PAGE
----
Bond liquidity drought: Sourcing without showing your hand

The corporate bond market is worth $10tn, partly as result of having doubled in the past decade as low interest rates have swelled investment.

Some of the largest bond deals in history happened in 2015, yet corporate bonds are in the centre of a bond liquidity drought in trading in the secondary markets, particularly as banks have had to cut their holdings. The Bank of England reports that since 2008, there has been a 75% reduction in bond inventories of dealers in the market.

But despite a liquidity drought occurring, the investment firms, fund managers, pension funds and asset managers still need to identify reliable sources for their corporate bonds. They also need this information without anyone knowing that they’re looking; conscious that by following up on attractive bond prospects, they are indicating their own interest in an instrument and other market participants might start sourcing the instrument themselves, potentially increasing the final price for the investment firm. Both these things were ringing in everyone’s ears in 2015.

Trouble is, traditional methods of obtaining such information are static and incomplete. Data is very often presented in different formats and some of it is so voluminous that advanced search tools have been built in an attempt to enable investment firms find the security they want. Some buy-side investors have reported receiving 30,000 messages a day of data, leaving investors with significant data overload. More importantly, the quality of this data varies so much that asset managers are unable to rely on it.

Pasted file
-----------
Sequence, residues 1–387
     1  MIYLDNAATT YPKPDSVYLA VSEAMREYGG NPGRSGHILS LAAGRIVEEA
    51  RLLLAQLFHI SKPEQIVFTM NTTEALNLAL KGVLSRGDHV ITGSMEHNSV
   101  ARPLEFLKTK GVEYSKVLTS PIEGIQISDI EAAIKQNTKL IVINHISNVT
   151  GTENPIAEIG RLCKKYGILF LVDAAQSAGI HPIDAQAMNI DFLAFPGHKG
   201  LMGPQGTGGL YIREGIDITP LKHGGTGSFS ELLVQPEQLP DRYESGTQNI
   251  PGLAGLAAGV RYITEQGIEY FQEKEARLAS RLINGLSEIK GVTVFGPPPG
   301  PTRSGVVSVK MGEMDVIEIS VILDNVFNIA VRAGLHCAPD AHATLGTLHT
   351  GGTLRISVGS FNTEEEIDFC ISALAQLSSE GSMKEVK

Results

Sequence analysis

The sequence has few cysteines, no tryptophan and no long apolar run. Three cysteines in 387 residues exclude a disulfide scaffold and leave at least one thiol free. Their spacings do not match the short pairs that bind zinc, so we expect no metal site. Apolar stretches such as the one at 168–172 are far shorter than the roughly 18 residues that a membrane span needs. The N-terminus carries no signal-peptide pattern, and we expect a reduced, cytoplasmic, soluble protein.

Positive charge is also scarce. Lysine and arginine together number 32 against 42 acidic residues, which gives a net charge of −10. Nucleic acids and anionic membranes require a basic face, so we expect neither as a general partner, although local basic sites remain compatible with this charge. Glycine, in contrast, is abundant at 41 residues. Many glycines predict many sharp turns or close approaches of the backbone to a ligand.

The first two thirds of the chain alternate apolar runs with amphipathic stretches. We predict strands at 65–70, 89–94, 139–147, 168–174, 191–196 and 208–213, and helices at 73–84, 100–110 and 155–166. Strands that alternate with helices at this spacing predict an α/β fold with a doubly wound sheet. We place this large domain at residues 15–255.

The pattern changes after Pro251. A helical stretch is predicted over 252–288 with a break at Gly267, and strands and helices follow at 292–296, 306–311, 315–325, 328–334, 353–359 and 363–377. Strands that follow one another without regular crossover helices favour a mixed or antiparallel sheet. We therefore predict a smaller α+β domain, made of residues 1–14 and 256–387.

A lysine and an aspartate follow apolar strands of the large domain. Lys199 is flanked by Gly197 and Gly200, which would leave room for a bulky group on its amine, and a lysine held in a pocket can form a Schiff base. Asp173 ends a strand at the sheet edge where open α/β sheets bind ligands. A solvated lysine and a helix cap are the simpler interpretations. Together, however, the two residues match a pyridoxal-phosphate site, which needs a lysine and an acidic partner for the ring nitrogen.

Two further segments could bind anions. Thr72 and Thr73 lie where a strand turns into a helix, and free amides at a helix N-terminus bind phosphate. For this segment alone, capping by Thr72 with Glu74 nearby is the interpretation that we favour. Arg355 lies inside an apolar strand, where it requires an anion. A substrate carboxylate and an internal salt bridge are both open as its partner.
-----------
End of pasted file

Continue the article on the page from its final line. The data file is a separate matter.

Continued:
Together, regulation, collaboration and technology just may be drivers for change. In the regulatory space in Europe, MiFID II is increasing the focus on pre-trade information and transparency. ESMA is beginning the collection of data to support the various thresholds and tests they will implement when MiFID II comes into force. For investors, this transparency will make available another stream of pre-trade data that will further inform the investment and trading process. Depending on the implementation, MiFID II creates the opportunity of ‘actionable RFQs’ where quotes are published as a ‘hittable’ price for a limited period and audience.

How the implementation of these regulations might affect the market is difficult to determine. The intention is to improve liquidity – improving the distribution of prices and associated pre-trade information should, in theory, lower the cost of trading and enable investment firms to improve the efficiency of their trading activity. The next three years will see the market impact of these initiatives play out for all to see.

As well as regulation, businesses can drive change as they continue to identify their own strengths and weaknesses and isolate competitive areas from those that are common across the market. By collaborating and adopting standardisation when useful, this will increasingly bear fruit and benefit the market as a whole.